Two days on the Mekong: taking the slow boat from Thailand to Laos

Taking the ‘slow boat to Laos’ is a Southeast Asia backpacker classic, and also a misnomer. The boat actually starts on the Laos side of Laos/Thailand border, so technically you’re not taking it to Laos.

However, it’s still a must-do when you’re in the area and heading to Luang Prabang.

You can book a trip from anywhere in the northern region of Thailand, with many starting off in Chiang Mai or Chiang Rai and booking a package that takes them all the way onto the boat. We decided to make our own way across the border and spend the night before the boat journey in the tiny Laos border town of Houayxay. We took a bus from Chiang Rai across the border, and then teamed up with some other travellers for a tuk-tuk to Houayxay.

A note: I know it’s been almost a year at this point since I was in Southeast Asia, but time has been mostly meaningless for the last 10 months and I still have stories to share. Hopefully this will be helpful to people who are planning their travels for when the world is open again, and entertaining to everyone else in the meantime.

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Overnight at Elephant Nature Park: experiences, ethics, and, of course, elephants!

As you travel around Thailand on your scooter, one thing that is for certain is that you will see elephants along the roadside. On the edge of town, halfway up a mountain, just outside a temple, elephants, sometimes even baby elephants. But after your brain’s initial excitement (ELEPHANTS!!) the logical side of your mind will catch up to your childlike wonder and you’ll notice a sign advertising elephant rides, how thin and malnourished the animals look, chains or ropes around their ankles, scars indicating phajaan, or breaking the spirit. It’s hard to see and worse to notice the throngs of tourists eager to sit atop these majestic creatures without a care for their well-being. Equally as bad are the number of elephant parks that advertise themselves as “sanctuaries” to capitalise on another type of tourist’s desire for a more ethical experience, when their parks’ methods are no different than the abusive ones in the roadside attractions.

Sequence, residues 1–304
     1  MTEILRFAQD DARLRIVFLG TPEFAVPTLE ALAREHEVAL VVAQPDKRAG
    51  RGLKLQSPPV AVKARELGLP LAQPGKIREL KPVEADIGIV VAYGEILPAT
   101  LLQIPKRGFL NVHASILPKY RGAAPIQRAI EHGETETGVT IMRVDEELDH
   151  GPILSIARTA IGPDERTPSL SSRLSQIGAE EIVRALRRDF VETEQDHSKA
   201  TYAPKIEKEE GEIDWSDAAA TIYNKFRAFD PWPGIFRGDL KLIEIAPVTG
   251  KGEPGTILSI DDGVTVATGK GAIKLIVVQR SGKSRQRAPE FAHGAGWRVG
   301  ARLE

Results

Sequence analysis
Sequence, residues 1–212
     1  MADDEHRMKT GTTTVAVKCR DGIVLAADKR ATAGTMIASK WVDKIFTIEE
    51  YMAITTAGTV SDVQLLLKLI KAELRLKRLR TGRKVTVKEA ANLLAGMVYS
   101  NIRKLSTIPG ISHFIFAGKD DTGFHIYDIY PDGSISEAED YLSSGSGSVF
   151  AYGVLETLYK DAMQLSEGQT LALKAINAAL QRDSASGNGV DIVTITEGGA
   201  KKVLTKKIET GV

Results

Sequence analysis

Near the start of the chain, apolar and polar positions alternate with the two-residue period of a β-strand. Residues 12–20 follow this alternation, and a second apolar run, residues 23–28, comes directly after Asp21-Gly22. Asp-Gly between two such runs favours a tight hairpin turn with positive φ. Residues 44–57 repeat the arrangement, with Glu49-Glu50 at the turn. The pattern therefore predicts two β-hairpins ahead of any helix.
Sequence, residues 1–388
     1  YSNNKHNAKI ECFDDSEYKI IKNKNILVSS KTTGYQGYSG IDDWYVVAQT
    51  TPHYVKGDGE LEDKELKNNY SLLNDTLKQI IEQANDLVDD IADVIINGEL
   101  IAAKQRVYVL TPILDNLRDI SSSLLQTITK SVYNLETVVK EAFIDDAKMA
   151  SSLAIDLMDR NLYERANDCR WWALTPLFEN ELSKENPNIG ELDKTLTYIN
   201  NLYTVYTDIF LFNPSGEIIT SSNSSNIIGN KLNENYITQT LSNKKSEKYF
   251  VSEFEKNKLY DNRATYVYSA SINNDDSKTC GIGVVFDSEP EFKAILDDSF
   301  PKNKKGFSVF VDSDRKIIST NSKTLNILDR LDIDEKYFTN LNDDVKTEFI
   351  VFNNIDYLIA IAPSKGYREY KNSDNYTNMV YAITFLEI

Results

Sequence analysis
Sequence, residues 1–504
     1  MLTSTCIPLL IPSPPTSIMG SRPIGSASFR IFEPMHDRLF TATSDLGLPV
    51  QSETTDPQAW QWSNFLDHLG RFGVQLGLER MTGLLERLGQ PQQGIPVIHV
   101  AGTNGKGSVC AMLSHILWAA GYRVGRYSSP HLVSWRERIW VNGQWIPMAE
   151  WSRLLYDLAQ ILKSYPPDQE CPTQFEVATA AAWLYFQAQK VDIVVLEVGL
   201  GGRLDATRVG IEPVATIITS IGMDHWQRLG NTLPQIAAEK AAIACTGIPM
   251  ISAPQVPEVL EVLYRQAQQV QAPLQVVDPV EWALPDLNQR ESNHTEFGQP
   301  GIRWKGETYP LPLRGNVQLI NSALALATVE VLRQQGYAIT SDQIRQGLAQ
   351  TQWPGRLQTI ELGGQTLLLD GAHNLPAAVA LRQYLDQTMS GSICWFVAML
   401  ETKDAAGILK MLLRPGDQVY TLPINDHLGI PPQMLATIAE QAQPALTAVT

Still, I was hopeful that I could have a genuinely ethical trip to a real elephant sanctuary in Thailand, and so we went to the Elephant Nature Park near Chiang Mai. As we went on the weekend of my birthday, Steve treated me to the overnight trip, two days and one night staying at the park, visiting the elephants, walking some of the hundreds of rescue dogs they also care for, and learning about Thailand’s animal tourism industry.

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